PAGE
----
- September 24 – WWII: Andrée Borrel and Lise de Baissac become the first female SOE agents to be parachuted into occupied France.
- September 26 – The Holocaust: Nazi official August Frank issues the August Frank memorandum, setting out how the belongings of "evacuated" (i.e. murdered) Jews are to be disposed of.
- September 27 – WWII: Both the commerce raiding German auxiliary cruiser Stier and American Liberty ship SS Stephen Hopkins sink, following a gun battle in the South Atlantic. Hilfskreuzer Stier is the only commerce raider to be sunk by a defensively equipped merchant ship.
- October 2
- British cruiser HMS Curacoa collides with liner RMS Queen Mary (carrying troops from the United States) off the coast of Donegal and sinks; 338 drown.
- WWII: Japanese troopship Lisbon Maru sinks, following a torpedo attack the previous day by submarine USS Grouper off the coast of China; 829 are killed, mostly British prisoners of war who (unknown to the attacker) were being held on board.
- The first American-built turbojet aircraft, the Bell P-59 Airacomet fighter prototype, makes its first official flight.
- October 3 – The first A-4 rocket is successfully launched from Test Stand VII at Peenemünde, Germany. The rocket flies 147 kilometers and reaches an altitude of 84.5 kilometers, becoming the first man-made object to reach space.
- October 9
- October 11 – WWII: Battle of Cape Esperance: On the northwest coast of Guadalcanal, United States Navy ships intercept and defeat a Japanese fleet, on their way to reinforce troops on the island.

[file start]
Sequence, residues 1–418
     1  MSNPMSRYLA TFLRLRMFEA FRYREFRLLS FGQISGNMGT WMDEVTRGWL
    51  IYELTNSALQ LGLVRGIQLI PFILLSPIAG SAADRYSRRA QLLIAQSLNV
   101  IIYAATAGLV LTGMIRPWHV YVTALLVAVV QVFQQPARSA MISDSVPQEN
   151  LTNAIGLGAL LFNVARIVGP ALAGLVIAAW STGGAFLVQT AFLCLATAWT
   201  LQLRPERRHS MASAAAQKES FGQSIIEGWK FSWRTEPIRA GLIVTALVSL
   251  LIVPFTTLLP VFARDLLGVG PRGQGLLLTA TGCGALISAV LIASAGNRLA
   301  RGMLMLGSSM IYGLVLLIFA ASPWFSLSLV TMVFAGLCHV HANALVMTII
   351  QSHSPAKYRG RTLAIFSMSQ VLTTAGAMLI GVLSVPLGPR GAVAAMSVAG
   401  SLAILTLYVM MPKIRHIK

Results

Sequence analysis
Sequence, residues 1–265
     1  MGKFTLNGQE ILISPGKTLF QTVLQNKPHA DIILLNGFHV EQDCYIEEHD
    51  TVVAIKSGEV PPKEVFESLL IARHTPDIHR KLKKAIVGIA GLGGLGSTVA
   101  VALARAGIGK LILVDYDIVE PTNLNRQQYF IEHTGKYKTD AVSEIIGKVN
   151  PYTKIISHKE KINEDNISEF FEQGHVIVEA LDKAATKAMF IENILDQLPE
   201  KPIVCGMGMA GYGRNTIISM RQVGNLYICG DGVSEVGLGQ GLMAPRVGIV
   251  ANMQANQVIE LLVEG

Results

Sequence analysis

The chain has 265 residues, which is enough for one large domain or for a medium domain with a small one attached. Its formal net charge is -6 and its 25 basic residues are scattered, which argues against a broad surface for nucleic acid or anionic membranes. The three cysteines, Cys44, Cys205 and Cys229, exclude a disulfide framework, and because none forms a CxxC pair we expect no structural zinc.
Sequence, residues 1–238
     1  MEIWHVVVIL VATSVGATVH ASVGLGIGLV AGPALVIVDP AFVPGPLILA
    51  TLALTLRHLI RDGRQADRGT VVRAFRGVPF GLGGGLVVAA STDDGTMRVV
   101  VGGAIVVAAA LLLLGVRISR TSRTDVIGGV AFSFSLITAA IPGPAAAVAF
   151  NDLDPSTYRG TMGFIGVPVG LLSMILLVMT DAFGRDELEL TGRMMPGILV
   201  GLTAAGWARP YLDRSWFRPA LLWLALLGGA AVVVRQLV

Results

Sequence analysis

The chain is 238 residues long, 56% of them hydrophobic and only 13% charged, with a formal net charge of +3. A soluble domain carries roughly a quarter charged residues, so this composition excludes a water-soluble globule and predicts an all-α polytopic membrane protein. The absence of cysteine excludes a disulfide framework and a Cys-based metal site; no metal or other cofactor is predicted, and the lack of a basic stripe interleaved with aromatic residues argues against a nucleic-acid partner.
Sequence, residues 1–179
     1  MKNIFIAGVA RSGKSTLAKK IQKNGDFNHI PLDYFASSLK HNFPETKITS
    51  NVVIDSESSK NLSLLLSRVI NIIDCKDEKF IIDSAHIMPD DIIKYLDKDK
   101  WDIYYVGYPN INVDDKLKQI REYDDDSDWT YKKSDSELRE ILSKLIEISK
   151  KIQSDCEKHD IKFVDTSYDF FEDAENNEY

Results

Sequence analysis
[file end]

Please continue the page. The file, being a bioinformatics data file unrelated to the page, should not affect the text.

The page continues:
- October 13 – WWII: North Atlantic convoy SC 104 is attacked by U-boats, sinking seven ships.
- October 14
- The Holocaust: The International Committee of the Red Cross, meeting in special session at the Hotel Métropole, Geneva, Switzerland, declines to issue an international appeal condemning the holding of civilians in Nazi concentration camps.
- WWII: A U-boat sinks the ferry SS Caribou off Newfoundland, killing 137.
- October 16
- October 18 – WWII: Hitler issues the Commando Order, which stipulates that all Allied commandos encountered by German forces should be executed immediately without trial, even in proper uniforms, in response to the Dieppe Raid and Operation Basalt conducted by the Allies. After the war, the Nuremberg trials finds this order a direct violation of the laws and customs of war.
- October 21 – A Royal New Zealand Air Force torpedo bomber sinks the German MS Palatia, with a loss of 946 lives.
- October 23 – Award-winning composer and songwriter Ralph Rainger ("Thanks for the Memory") is among 12 people killed in a mid-air collision between an American Airlines DC-3 and a U.S. Army bomber near Palm Springs, California.
- October 23–26 – WWII: Battle for Henderson Field: Japanese forces fail to recapture Henderson Field airfield in Guadalcanal from the Americans.
- October 23–November 4 – WWII: Second Battle of El Alamein: British troops go on the offensive against the Axis forces.
- October 26 – WWII: Battle of the Santa Cruz Islands: Two Japanese aircraft carriers are heavily damaged and one U.S. Navy carrier is sunk.
- October 28
- October 29 – The Holocaust: In the United Kingdom, leading clergymen and political figures hold a public meeting to register outrage over Nazi Germany's persecution of Jews.
- October 30 – WWII:
- November 1 – WWII: North Atlantic convoy SC 107 is heavily attacked by U-boats, sinking 15 ships.